- Ministry of Indigenous Relations and Reconciliation
- Ministry of Infrastructure
- Ministry of Labour
- Ministry of Municipal Affairs and Housing
- Ministry of Natural Resources and Forestry
- Ministry of Heritage, Sport, Tourism and Culture Industries
- Ministry of Transportation
- Treasury Board Secretariat
The main issue here is that the EBR does not identify any standard for the level of consideration of the environment for each ministry, only that it should be a consideration. This gives the ministries a lot of wiggle room in terms of how much they must actually take environmental concerns into account, to the point where the Canadian Environmental Law Association (CELA) found that even the Ministry of the Environment, Conservation, and Parks has a weak SEV that does not adequately address environmental concerns.
In April 2020, Doug Ford’s government added an exemption to the EBR that suspended the requirement for public consultation on proposals for laws, policies, regulations, and projects of any level of environmental significance. Ministries also did not have to comply with the Statements of Environmental Values. While the exemption was repealed in June 2020 following public backlash, it followed the trend of the Ford government’s attempts to undermine and reduce the powers of environmental regulations in Ontario.
It is because environmental regulations are under attack that the EBR becomes even more important. That the backlash against the 2020 exemption actually resulted in revocation speaks to the power of public participation. However, there are some issues with it that could be improved.
The EBR grants residents the right to transparency and efficiency in government decisions but, like many other policies, lacks the strong language to prevent its circumvention and self-serving interpretation. Liberally sprinkled throughout the document are phrases such as “take reasonable steps” and “within power” without explicit description of expectations and/or guidelines. As a result, in some cases public notice of environmentally significant proposals does not need to be given and the public can simply be notified once the decision is made.
Notice for proposals also does not need to be given during declared emergencies or in cases where there are concerns for public and/or environmental safety. Nor is public notice mandatory in cases where the Minister believes that the environmentally significant aspects of the proposal have already been considered in other arenas of public participation or are required to be considered under another act. This could be considered as removing redundancy from the public participation process, but it is unknown how thorough the processes under other public participation channels are compared with those of the EBR. Furthermore – and this is potentially how changes to the Conservation Authorities Act were slipped into the COVID-19 Recovery Act – notice of proposals does not need to be given if the implementation of said proposals were to be part of a budget or other economic statement.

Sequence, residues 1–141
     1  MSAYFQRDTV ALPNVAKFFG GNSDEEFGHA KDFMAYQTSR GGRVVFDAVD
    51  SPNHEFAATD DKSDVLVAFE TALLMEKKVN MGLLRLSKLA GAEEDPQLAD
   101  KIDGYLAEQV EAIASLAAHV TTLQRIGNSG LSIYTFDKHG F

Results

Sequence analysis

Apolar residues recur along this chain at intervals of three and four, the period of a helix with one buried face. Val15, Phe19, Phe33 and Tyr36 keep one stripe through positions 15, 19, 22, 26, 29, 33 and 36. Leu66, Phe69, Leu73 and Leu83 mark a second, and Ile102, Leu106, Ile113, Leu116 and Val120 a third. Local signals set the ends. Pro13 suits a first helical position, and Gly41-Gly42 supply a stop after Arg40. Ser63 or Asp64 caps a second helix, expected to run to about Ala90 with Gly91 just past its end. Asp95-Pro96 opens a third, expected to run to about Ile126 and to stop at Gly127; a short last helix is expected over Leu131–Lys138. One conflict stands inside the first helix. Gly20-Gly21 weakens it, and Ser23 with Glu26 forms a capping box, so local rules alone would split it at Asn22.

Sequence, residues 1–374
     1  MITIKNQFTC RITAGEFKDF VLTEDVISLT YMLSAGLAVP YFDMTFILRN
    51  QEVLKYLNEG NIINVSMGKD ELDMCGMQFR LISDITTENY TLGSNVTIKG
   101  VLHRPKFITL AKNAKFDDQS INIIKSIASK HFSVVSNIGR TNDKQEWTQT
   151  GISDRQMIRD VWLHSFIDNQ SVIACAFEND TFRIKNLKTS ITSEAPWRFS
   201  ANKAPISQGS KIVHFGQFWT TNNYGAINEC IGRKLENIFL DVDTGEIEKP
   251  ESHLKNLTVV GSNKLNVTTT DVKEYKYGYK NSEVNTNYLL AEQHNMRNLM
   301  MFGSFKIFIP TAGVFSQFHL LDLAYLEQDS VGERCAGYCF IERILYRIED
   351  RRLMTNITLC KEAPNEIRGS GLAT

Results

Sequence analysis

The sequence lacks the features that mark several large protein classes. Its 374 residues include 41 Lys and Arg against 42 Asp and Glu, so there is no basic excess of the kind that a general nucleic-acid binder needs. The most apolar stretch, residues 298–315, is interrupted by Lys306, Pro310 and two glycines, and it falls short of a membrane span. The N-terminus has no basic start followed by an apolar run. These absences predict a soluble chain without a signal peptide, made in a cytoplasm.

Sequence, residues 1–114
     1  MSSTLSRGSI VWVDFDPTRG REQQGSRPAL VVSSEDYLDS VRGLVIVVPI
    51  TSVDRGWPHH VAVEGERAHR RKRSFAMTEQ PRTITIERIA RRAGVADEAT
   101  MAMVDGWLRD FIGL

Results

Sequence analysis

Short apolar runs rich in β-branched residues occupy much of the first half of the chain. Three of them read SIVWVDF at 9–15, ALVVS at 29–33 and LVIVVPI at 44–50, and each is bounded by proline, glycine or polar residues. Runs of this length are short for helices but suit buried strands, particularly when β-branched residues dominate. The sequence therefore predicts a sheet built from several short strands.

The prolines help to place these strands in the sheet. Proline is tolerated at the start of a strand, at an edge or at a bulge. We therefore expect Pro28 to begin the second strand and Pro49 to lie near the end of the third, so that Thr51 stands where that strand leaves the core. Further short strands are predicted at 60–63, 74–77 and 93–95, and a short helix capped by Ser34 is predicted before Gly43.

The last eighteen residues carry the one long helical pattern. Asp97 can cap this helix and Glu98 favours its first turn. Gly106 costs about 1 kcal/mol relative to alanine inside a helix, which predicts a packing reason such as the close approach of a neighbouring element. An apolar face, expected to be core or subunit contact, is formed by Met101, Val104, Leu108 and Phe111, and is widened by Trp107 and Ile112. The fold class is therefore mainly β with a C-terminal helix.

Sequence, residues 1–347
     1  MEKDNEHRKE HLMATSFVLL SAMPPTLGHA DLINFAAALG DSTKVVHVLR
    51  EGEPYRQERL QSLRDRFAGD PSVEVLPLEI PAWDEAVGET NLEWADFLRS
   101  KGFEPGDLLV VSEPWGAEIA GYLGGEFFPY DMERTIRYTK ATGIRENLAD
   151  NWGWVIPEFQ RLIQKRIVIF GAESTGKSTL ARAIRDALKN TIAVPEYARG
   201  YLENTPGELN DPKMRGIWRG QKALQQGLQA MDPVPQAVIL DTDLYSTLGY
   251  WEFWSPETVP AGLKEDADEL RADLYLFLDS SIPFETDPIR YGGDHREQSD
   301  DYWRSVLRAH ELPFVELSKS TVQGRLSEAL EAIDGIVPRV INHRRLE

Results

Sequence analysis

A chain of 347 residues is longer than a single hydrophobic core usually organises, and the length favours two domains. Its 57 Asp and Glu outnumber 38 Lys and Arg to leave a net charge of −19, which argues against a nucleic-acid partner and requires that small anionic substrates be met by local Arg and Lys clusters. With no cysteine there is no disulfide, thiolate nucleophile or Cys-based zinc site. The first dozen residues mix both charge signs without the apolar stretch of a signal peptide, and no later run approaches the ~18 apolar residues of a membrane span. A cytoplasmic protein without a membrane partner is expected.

The last area where the EBR is lacking is another exception to the notice for participation rule. Section 32 of the EBR states that normal requirements and processes of the EBR do not apply to those instruments that are necessary to implement proposals or projects that have already been exempted or approved under the Environmental Assessment Act (EAA). CELA conducted a review of this section and the approval processes of the EAA and found that they were insufficient compared to the processes of the EBR. CELA recommended that this section be removed entirely. To date, this has not been done. Instead, the most recent update of the EBR in 2020 added another exception for a specific type of project under the EAA.
While it has a few issues, the EBR is vitally important to holding the government accountable for its decisions relating to the environment. It affords residents the opportunity to engage with and challenge the government in ways in which we might not otherwise be able. To stay up to date on upcoming proposals, visit the Environmental Registry of Ontario.
- Environmental Commissioner of Ontario. (2016). Ontario’s Environmental Bill of Rights and you. http://media.assets.eco.on.ca/web/2016/03/EBR_2015_April15_2016_englishweb.pdf
- Environmental Registry of Ontario. (2021). https://ero.ontario.ca/
- Government of Ontario. (1993). Environmental Bill of Rights S.O. 1993, c. 28. https://www.ontario.ca/laws/statute/93e28
- Office of the Auditor General of Ontario. (2020). Reports by Topic: Environment. https://www.auditor.on.ca/en/content/reporttopics/environment.html